Moderation Management has been around for almost 20 years yet few have heard of it, as it is more or less shrouded in mystery. But lately the program has picked up traction again after a shaky and tumultuous past. What is moderation management and how does it differ from similar recovery programs?
What is Moderation Management?
Similar to its counterparts like Alcoholics Anonymous and other 12 step groups, Moderation Management is a program that is geared toward people addressing their problem with alcohol. The primary difference being, MM is geared towards “problem drinkers” instead of true alcoholics, leaving the decision to moderate or abstain from drinking entirely up to the individual. Moderation Management tries to move away from traditional treatment programs, distancing themselves by not calling their members “alcoholics” which can have a lot of stigma attached to it.
Moderation Management and its Dark History
Moderation Management has been around since 1994, but it was living more or less in the shadows from 2000 to 2012, mired in controversy over its founder, Audrey Kishline. After starting MM, Kishline left the group, realizing that she could not moderate her drinking after all. She returned to AA, then fell off the wagon, drunk-driving in March 2000 and killing a man and his 12-year-old daughter. She was released from prison in 2003, and in 2014, plagued by guilt and other demons, Kishline killed herself.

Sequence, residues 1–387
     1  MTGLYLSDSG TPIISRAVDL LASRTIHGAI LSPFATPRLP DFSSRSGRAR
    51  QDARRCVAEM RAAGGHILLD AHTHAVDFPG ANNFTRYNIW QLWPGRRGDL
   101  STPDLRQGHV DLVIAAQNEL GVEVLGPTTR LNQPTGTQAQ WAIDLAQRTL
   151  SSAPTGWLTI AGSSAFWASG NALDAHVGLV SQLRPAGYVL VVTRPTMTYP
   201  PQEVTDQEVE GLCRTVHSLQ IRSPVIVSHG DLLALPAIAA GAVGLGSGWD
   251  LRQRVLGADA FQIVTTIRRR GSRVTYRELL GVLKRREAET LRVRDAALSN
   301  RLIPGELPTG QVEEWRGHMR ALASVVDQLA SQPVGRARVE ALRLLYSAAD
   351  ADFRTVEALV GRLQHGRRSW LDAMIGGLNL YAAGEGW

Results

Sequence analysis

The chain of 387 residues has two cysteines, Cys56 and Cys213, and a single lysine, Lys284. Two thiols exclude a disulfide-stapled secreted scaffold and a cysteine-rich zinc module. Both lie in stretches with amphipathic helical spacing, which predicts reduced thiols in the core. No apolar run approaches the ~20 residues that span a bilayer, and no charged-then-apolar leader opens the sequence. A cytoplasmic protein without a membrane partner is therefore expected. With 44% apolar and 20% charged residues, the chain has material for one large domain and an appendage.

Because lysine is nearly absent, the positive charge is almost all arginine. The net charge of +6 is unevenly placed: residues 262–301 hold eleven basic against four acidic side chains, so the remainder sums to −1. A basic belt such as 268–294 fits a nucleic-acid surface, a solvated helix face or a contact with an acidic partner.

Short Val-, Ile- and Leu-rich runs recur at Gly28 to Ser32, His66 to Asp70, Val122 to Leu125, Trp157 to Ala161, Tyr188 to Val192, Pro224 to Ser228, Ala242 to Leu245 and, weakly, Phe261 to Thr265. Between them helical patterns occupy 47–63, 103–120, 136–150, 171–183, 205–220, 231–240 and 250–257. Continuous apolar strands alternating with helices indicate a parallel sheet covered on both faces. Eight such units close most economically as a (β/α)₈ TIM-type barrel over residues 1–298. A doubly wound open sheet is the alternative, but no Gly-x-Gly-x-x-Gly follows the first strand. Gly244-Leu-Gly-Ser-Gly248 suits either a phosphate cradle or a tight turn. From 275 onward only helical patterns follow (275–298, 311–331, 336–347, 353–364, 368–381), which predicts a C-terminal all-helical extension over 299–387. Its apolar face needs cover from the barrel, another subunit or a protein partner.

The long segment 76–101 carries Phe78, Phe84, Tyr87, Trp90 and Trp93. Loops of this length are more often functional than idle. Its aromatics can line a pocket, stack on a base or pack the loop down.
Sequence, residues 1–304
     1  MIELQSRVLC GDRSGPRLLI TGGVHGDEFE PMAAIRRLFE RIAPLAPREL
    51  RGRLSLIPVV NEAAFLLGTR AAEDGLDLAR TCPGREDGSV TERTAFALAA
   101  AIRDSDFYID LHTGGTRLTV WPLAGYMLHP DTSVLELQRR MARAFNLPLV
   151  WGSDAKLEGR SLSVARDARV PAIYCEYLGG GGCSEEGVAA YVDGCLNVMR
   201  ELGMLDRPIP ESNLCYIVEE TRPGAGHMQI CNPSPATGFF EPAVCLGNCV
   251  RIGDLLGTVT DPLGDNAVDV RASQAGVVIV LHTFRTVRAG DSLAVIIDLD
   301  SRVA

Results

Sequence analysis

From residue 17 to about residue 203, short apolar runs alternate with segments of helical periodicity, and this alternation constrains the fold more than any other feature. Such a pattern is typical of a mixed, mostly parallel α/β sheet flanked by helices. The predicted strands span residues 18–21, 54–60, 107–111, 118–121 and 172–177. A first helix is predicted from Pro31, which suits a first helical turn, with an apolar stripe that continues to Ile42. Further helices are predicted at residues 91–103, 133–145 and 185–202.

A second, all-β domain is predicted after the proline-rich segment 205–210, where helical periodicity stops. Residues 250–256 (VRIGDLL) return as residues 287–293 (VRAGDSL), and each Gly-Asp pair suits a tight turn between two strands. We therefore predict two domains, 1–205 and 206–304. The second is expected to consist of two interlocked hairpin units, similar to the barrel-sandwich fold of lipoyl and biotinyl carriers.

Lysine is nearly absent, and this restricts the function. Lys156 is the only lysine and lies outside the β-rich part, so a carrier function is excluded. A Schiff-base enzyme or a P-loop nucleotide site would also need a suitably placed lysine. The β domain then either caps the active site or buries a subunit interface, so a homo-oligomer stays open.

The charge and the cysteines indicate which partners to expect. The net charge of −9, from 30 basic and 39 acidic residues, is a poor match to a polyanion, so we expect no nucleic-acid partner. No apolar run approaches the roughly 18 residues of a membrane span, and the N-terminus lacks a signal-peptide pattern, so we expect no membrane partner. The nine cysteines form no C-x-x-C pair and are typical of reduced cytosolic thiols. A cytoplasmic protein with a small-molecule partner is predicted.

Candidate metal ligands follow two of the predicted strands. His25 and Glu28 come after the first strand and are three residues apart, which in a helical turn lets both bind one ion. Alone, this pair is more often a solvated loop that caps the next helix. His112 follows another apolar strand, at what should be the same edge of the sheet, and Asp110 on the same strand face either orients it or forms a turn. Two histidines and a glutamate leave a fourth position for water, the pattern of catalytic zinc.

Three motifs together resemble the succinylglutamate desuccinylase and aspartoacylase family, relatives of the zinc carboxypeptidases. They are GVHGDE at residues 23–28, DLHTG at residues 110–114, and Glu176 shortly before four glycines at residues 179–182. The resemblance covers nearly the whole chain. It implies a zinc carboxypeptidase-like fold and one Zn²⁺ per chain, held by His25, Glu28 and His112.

In the year since Kishline’s death, MM has had something of a resurgence, bolstered by the launch of the US National Institute of Health’s Rethinking Drinking program and a 2014 report from the Centers for Disease Control calling out “excessive drinking” as something both independent of alcohol dependence and a major public health issue that is not being addressed by currently available tools and programs. (via The Guardian)
Does Moderation Management Work?
Moderation Management offers a lot of seemingly positive characteristics that would appeal to many people who may have preconceived notions regarding other 12 step programs. The interesting fact of the matter is that as many as 30% of MM members go on to abstinence based-programs.
Though MM claims that moderation and abstinence programs have higher success rates than those that offer abstinence only, their criteria for this claim leaves something to be desired and seems to be more of a conjecture than a statement based on fact. That being said, even though 12 step programs will suggest abstinence, the only absolute requirement to attend meetings and participate is a mere desire to stop.
The bottom line is, that each person has his or her own experience in recovery. Though 12 step programs are predominant, they are not the only option. What are your experiences with programs outside of 12 step?